(With the Oscars scheduled to be awarded on March 4th, I have decided to review at least one Oscar-nominated film a day. These films could be nominees or they could be winners. They could be from this year’s Oscars or they could be a previous year’s nominee! We’ll see how things play out. Today, I take a look at the 1941 best picture nominee, Hold Back the Dawn!)
Hold Back The Dawn is a historically important film for many reasons.
First off, this was the last film to be written by Billy Wilder before he launched his own legendary directorial career and, with its mix of sharp comedy and tearful melodrama, Hold Back The Dawn definitely feels like a Wilder film. Wilder, himself, claimed that he was never happy with the way his script was adapted. For instance, Wilder wrote a scene in which Charles Boyer, playing a Romanian who is stranded in a Mexican border town, was meant to deliver a monologue to a cockroach. Boyer felt that the scene was ridiculous and the film’s director, Mitchell Leisen, never filmed it. Wilder was so incensed that he declared that he would never again allow any of his scripts to be filmed by anyone other than himself.
Hold Back The Dawn also played a part in one of the most legendary feuds in Hollywood history, though there are some who claim that it was more the product of an overzealous pr agent’s imagination than anything else. For her role as the shy school teacher with whom Boyer falls in love, Olivia de Havilland was nominated for Best Actress and was considered to be one of the front-runners for the reward. (If nothing else, it was felt that giving her the Oscar would make up for not giving it to her when she was nominated for Gone With The Wind.) However, that same year, Joan Fontaine was nominated for her role in Hitchock’s Suspicion and many felt that, after losing the previous year for her performance in Rebecca, Fontaine was owed an Oscar as well. An Oscar night, Joan Fontaine beat Olivia de Havilland. What complicated matters it that, beyond issues of professional jealousy, de Havilland and Fontaine were sisters. For years, there were stories that de Havilland had never gotten over losing her Oscar to Fontaine and that, as a result, the two sisters had little to do with each other. (The truth, as is always the case with siblings, appears to have been a lot more complicated. de Havilland herself said it was less about the Oscars and more about just not having much in common with her sister.)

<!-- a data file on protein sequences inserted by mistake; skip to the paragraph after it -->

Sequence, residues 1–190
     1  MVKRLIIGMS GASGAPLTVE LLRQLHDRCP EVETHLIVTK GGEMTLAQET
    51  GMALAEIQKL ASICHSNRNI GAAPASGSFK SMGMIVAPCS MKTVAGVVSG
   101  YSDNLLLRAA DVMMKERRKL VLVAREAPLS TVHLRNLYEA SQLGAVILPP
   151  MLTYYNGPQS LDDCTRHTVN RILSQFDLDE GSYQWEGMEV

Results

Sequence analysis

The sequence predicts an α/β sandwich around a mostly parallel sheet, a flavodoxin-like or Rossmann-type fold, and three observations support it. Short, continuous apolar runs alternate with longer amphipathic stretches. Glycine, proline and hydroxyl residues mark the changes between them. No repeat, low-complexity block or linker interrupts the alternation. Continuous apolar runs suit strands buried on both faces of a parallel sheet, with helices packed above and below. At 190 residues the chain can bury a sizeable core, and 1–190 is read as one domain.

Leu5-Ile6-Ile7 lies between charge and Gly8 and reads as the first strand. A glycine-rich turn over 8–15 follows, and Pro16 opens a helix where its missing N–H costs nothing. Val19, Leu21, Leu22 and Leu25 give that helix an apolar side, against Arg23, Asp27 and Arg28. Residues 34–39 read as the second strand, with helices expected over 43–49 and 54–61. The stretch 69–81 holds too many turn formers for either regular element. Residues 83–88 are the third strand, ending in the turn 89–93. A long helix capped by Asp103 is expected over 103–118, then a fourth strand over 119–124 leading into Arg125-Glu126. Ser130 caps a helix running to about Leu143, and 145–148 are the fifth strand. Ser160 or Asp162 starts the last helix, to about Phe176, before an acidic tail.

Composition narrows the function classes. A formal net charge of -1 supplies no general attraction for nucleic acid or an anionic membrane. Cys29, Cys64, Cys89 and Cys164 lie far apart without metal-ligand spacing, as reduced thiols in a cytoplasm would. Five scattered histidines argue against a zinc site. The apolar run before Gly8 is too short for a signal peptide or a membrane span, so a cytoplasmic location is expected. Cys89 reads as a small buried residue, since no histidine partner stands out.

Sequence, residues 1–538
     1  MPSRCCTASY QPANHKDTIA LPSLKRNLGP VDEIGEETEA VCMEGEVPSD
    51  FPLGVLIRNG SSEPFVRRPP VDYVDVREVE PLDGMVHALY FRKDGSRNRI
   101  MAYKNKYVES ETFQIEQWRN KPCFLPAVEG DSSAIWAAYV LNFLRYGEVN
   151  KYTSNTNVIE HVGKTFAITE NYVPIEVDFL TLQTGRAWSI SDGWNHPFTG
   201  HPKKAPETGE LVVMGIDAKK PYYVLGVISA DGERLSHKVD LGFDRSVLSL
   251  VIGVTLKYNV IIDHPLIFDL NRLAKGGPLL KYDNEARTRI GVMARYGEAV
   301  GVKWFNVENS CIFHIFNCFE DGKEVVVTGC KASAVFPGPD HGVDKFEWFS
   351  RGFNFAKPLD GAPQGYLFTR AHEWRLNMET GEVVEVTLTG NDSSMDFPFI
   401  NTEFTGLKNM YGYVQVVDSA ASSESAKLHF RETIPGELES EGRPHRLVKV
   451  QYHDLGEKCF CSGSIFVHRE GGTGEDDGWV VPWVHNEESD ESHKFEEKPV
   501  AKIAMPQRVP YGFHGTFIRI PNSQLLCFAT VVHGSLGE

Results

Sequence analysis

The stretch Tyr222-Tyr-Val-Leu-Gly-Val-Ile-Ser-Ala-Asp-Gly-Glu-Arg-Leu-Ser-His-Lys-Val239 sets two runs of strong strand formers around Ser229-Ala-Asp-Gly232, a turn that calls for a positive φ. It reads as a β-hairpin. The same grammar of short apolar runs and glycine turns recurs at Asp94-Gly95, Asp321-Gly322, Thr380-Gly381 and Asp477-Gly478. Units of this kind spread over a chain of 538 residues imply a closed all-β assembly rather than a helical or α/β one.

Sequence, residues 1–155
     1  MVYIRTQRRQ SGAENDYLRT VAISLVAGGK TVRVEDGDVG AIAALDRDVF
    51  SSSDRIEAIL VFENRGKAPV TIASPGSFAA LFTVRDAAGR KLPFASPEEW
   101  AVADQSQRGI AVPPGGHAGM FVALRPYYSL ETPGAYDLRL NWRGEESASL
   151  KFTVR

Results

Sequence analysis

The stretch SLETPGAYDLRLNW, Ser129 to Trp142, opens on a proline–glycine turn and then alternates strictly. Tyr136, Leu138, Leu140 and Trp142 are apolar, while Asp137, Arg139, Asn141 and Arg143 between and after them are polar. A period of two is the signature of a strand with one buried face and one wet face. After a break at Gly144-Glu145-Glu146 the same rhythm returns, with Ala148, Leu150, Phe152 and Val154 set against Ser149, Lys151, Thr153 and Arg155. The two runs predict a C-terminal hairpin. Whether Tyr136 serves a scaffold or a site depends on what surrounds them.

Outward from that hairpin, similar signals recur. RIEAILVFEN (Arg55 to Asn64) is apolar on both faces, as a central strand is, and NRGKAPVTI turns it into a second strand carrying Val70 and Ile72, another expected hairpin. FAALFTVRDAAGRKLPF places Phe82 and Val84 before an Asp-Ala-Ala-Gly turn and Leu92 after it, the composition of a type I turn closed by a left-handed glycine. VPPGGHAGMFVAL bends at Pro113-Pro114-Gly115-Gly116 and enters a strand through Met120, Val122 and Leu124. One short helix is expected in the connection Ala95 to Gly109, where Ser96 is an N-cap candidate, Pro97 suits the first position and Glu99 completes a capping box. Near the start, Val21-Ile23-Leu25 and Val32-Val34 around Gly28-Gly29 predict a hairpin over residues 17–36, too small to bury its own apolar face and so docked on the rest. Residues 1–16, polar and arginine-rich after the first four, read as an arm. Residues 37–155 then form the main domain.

Beyond all that, however, Hold Back The Dawn is a charming dramedy that holds up remarkably well. Boyer is Georges Iscoveu, a Romanian gigolo who has spent eight years living in a Mexican hotel, waiting to be allowed to enter the U.S. Olivia de Havilland is Emmy Brown, an unmarried teacher who has nearly given up on ever finding love. At first, Georges just wants to trick Emmy into marrying him so that he can legally enter the United States. However, he soon finds himself truly falling in love with her. Unfortunately, his partner-in-crime — Anita (Paulette Goddard) — is also in love with Georges and is not at all prepared to lose him to Emmy. I know it all sounds very melodramatic but Wilder frames his story with a meeting between Georges and a Hollywood producer, a move the assures us that Hold Back The Dawn is content to be pure entertainment and we really should just sit back, not get too caught up on the specifics of the plot, and enjoy ourselves. Charles Boyer is all befuddled charm as Georges while de Havilland is both poignantly likable as Emmy. For me, as good as they are, the best performance came from Paulette Goddard, who is sharp-tongued and wonderfully cynical as Anita. All three performers are helped by a wonderful script. Even if Boyer never does talk to a cockroach, Wilder’s dialogue is still sharp and witty. This is a film that is as much fun to listen to as it is to look at.
Hold Back The Dawn was nominated for best picture but lost to How Green Was My Valley.
This tribute Olivia de Havilland in Hold Back The Dawn was put together by Monique Classique for Olivia’s 100th birthday.